..what is odd in this case is that employment has been refused by a potential employer (note that the Church is not an ”˜employer’ of clergy in ministry posts, since they are ”˜office holders’ and not ”˜employees’) on grounds which are quite separate from the process of appointment or employment. If Jeremy wants to pursue a case in an employment tribunal, then he would surely have to pursue it against the NHS Trust, and not against the bishops.
..whilst one bishop might not wish to instigate difficult and costly proceedings to remove a licence, these are perfectly good grounds, procedurally and theologically, to refuse to grant a licence. It is really difficult to see how a Tribunal can overturn this, given equality exemption, even if it thinks it does have jurisdiction, and even if it thinks the actual position of the Church is wrong. If the Tribunal were to overturn it, this would signal the end of exemption for the Church of England, and by implication for all religious groups. Is that really plausible?
What, then, is the point of making the claim? The answer perhaps comes in the Press Release from Changing Attitude from the day before which specifically mentions Jeremy’s situation. The statement concludes:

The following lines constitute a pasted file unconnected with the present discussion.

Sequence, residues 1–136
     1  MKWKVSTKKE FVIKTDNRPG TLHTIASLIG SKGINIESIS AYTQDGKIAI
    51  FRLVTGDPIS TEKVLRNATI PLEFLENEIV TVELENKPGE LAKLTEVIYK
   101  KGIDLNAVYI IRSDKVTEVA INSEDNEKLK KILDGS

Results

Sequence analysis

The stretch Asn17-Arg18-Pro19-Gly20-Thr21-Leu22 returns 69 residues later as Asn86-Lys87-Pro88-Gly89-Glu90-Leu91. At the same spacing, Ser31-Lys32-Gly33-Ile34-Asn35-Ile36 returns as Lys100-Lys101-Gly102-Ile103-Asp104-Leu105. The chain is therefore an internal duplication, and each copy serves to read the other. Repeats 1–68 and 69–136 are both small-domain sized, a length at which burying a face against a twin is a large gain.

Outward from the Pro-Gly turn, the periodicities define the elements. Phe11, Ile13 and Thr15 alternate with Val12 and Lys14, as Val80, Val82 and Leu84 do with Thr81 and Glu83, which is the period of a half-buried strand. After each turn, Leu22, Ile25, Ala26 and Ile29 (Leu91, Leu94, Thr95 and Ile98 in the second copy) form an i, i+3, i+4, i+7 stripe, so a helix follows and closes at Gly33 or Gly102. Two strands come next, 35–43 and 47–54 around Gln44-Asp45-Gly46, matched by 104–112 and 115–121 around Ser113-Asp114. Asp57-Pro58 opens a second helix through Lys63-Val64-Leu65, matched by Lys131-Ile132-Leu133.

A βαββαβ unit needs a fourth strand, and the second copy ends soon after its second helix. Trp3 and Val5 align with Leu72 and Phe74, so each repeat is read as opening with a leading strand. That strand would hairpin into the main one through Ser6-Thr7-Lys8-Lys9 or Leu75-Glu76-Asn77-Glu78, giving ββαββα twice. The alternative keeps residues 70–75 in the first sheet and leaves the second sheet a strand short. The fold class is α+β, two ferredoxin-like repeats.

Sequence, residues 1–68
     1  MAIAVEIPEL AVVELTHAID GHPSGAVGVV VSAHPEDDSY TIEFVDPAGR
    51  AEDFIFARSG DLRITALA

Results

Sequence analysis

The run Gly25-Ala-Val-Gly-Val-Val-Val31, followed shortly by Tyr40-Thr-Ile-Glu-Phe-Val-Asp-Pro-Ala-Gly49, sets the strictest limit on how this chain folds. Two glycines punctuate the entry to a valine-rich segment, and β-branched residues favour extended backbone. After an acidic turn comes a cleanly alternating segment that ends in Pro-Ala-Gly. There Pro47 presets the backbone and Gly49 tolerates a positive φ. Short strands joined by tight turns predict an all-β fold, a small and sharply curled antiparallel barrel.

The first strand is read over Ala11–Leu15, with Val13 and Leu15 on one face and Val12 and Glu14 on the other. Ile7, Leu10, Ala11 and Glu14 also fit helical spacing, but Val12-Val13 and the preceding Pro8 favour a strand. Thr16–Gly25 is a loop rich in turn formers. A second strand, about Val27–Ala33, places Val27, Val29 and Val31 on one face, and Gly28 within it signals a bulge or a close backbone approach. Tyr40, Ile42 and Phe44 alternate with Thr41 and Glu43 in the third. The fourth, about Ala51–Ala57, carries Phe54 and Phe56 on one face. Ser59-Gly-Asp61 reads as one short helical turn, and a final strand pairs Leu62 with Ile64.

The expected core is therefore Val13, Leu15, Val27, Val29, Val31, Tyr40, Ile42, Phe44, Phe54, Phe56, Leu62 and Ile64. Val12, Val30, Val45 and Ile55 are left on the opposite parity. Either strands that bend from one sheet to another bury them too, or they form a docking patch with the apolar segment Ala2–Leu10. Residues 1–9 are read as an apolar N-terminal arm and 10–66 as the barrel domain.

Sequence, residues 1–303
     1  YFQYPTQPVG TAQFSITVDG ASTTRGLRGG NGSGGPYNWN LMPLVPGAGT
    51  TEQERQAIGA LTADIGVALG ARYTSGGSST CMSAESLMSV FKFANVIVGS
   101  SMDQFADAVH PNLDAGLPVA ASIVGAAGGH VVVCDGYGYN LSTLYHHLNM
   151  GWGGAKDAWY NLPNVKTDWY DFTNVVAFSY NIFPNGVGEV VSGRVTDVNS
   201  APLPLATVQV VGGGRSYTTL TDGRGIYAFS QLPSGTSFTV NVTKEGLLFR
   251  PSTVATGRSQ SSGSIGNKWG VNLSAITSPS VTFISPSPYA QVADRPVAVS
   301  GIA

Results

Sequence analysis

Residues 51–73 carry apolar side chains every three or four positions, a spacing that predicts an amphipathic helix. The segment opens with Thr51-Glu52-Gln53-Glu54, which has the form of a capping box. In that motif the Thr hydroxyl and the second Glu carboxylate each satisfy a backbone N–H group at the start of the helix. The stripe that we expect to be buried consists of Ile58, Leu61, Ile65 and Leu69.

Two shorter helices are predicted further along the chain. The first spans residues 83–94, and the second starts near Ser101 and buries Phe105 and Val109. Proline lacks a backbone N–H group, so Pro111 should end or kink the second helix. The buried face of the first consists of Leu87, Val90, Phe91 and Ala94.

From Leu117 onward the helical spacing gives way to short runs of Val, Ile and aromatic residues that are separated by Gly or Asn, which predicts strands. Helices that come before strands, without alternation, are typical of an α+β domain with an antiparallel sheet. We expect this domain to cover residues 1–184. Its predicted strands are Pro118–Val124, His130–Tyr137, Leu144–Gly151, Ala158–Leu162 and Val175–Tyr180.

You need to respond to the anger and frustration being felt by LGBTI laity and clergy. The temperature is rising and people are calling for urgent action. We are not prepared to wait for the conclusion of the mutual conversations for the changes which have already occurred to be approved by the House of Bishops.
The key phrase here is ”˜we are not prepared to wait’; nothing is more important than changing the Church’s teaching on this question””not the reputation of the Church, not relationship with bishops, not any consideration of those who hold a different view, not the Pilling process of facilitated conversations. There are no grounds for conversation or negotiation.
Jeremy must have known in April that the new post was coming up. He was also well aware of the challenge to the bishops of his living in one diocese (whose bishop was likely unwilling to take disciplinary action) and working in another (whose bishop was more likely to). In the timing of his marriage, it is quite hard to see Jeremy as the hapless victim rather than as a well-planned campaigner.